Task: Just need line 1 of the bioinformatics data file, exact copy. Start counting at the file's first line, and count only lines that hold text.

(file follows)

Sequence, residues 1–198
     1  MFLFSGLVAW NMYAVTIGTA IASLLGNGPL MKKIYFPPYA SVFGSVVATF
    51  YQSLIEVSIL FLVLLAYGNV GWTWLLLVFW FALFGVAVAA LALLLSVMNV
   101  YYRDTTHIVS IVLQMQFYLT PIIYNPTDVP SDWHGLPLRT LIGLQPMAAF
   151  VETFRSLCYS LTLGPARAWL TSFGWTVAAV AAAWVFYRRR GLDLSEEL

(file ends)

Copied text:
Sequence, residues 1–198